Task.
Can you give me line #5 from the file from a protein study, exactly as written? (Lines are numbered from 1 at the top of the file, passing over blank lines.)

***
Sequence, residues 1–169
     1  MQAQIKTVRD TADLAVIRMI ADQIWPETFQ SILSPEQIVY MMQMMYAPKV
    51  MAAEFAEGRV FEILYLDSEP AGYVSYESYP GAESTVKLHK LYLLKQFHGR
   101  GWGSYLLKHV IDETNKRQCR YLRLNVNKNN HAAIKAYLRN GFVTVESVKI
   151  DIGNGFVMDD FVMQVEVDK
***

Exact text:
   151  DIGNGFVMDD FVMQVEVDK